So what is true about diet and cystitis?
Unfortunately a lot of this evidence is anecdotal. There isn’t much scientific evidence to back it all up I’m sorry to say.What health professionals are confident about is that eating a well-balanced diet should help to keep the immune system strong so as the body can fight infection.
Cranberries have been given the thumbs up for many years in terms of helping to combat cystitis and urinary tract infections (UTI’s) but why is this and how true is it? Cranberries are rich in antioxidants called proanthocyanidins, which some studies suggest may stop bacteria from attaching to the lining of the bladder and urethra, meaning they are easily washed away.
However….on review of these studies, they are small in numbers and only show a small trend towards fewer UTI’s when people took cranberry products, such as capsules or tablets, compare to those who didn’t. Cranberry juice also showed no significant benefit in preventing UTI’s.
Bigger studies are needed in the future to be able to positively recommend cranberries for the prevention of cystitis and UTI’s and so the routine use of cranberry juice or products is not recommended to treat these infections. The exact dose needed to obtain any benefits is currently unclear and potentially individual responses vary.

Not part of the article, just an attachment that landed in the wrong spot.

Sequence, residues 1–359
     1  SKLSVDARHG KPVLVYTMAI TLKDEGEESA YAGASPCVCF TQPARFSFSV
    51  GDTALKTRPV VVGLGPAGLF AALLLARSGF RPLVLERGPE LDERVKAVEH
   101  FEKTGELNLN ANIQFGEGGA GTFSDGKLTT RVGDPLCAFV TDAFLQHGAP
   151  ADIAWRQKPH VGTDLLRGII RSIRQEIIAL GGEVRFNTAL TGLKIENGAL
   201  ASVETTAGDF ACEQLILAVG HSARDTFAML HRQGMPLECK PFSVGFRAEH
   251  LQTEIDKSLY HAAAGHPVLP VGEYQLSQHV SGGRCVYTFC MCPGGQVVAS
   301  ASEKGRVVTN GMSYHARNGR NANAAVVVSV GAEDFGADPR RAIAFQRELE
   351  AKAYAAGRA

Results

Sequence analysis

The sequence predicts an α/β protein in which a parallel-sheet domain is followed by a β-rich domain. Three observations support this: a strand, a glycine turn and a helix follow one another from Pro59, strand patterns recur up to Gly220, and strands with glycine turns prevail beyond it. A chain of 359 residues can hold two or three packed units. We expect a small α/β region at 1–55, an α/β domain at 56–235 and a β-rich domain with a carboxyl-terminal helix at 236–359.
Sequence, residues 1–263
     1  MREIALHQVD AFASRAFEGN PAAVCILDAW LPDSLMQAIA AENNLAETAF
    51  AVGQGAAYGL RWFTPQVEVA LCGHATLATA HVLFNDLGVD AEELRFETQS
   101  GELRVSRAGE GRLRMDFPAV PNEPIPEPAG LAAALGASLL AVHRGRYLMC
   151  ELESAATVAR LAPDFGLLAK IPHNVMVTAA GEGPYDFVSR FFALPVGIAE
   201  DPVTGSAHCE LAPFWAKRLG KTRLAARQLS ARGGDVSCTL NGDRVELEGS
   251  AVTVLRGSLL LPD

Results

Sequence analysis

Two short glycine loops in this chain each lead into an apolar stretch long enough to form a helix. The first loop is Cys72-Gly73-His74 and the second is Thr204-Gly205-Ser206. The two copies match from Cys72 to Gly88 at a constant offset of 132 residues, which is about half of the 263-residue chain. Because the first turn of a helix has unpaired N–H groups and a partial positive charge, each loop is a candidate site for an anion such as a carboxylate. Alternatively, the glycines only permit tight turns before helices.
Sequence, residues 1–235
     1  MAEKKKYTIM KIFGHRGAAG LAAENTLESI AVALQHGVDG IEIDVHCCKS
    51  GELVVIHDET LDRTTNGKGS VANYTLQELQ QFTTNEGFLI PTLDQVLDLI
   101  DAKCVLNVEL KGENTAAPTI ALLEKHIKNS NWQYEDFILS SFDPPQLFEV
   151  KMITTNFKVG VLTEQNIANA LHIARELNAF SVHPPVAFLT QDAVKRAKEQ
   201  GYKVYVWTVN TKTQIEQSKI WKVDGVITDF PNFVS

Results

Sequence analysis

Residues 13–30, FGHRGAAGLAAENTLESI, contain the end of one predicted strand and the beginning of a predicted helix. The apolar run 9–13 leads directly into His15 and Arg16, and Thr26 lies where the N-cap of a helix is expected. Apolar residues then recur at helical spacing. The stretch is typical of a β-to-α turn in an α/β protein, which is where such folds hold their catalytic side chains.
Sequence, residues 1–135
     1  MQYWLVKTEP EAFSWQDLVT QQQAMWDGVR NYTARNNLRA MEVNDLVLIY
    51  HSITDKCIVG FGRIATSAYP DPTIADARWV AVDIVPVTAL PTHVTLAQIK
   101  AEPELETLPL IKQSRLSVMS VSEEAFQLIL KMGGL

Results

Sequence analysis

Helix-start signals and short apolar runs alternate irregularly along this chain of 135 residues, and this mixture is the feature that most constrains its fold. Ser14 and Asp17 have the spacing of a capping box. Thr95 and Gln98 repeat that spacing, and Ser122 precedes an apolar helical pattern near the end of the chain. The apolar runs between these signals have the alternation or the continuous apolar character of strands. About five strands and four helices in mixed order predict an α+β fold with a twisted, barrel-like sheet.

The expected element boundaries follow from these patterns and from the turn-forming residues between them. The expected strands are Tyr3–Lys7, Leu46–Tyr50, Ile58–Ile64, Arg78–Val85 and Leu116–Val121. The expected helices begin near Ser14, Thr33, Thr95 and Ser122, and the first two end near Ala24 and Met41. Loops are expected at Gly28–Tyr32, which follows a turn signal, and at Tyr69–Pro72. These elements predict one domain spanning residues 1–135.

Pointers (other than cranberries) to help prevent cystitis and UTI’s…
- Stay well hydrated – drinking at least 10 – 12 cups (200ml) of fluid a day and limiting alcohol will help to keep hydrated.
- If you are including cranberries as part of your diet, they do count towards one of your five a day and also provide Vitamin C, antioxidants and fibre, so they’re still worth including in your diet. Stick to just one glass (150ml) of cranberry juice per day to prevent overloading on fruit sugars (fructose) and putting your teeth at risk of decay.
- Vary your diet as much as possible by adding lots of different types of fruits and vegetables to help maximise antioxidant intake.